Since the outbreak, different coronaviruses have been discovered in different bats and in pangolins species.
A study shows that the genetic sequence of a virus identified in one bat species is 96% similar to that of the novel coronavirus which indicates that bats could be the reservoir of COVID-19 coronavirus.
Researchers also found a similar virus to the current coronavirus in pangolins. The virus in pangolins has a 99% of genomic similarity in the region that allows the virus to enter human cells to infect them. In the bat species, this region has only 77% similarity.
These studies suggest that 2 viruses, one in bat and another in pangolin may have recombined which results in new SARS-CoV-2. For this recombination to occur, both the viruses should have infected the same organism at the same time. It is still unclear in which organism this recombination occurred.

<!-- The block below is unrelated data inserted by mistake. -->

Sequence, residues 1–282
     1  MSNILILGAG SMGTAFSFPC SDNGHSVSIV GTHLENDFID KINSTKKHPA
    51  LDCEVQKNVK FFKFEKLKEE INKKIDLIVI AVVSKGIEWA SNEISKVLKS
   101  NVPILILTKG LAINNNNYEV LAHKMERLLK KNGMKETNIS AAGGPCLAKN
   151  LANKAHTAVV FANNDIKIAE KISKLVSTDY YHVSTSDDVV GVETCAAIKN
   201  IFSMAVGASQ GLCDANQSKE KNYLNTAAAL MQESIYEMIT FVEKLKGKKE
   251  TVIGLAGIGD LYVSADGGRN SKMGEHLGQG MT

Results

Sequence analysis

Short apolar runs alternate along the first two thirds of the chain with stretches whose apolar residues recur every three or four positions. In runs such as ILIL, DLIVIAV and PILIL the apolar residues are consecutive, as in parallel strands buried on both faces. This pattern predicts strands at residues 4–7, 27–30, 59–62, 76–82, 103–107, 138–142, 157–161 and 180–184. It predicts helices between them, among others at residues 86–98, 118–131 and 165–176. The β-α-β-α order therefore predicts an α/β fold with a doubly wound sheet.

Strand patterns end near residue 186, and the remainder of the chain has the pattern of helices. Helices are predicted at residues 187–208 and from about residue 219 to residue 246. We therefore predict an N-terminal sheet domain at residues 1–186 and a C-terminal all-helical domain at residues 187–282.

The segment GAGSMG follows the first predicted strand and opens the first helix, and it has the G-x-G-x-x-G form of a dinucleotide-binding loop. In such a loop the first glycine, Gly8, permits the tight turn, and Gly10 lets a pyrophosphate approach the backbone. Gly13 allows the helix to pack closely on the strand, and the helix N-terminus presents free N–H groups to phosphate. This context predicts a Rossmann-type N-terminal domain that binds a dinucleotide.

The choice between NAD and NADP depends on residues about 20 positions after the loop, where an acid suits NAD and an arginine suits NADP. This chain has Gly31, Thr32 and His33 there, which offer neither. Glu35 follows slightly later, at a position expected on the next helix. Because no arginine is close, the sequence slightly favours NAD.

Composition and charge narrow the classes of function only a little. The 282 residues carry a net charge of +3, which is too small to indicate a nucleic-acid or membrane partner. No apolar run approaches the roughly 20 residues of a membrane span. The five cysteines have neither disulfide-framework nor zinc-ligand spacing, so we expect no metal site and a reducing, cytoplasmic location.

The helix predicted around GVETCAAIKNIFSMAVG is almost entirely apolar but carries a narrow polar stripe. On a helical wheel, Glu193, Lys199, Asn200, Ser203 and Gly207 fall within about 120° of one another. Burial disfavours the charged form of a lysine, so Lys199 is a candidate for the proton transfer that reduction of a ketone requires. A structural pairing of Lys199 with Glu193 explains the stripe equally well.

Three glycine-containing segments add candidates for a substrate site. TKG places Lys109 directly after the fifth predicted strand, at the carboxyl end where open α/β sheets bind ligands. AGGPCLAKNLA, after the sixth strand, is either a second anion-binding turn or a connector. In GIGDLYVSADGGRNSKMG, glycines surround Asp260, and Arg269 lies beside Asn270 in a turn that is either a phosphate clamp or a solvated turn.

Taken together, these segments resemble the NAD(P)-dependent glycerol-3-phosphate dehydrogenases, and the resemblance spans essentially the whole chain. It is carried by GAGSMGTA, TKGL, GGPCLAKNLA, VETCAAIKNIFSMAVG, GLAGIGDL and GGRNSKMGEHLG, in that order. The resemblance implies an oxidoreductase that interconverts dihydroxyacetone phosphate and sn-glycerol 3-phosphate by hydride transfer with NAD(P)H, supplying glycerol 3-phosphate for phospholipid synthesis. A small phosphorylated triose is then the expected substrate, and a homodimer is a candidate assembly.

Even though the SARS-CoV-2 originated in animals. It is very effective in causing diseases in humans. Several features of SARS-CoV-2 makes it very successful in causing the epidemic.
Coronaviruses are surrounded by a halo of spikey proteins. These spikey proteins stick out like tips on a crown and help the virus attach itself and gain entry into the host cell. The spikes recognize and stick to a receptor protein called ACE2, which is found on the surface of human cells.
The spikes of SARS-CoV-2 allows it to stick to our cells far more effectively than other types of coronaviruses. Most respiratory viruses infect either the upper or lower airways. In the case of new coronavirus, both upper and lower airways are infected. Some viruses are highly contagious, while other viruses are less.
The novel coronavirus spreads between people before any symptoms show up which makes it easy for the virus to transmit to multiple hosts and makes it difficult for us to identify and control it.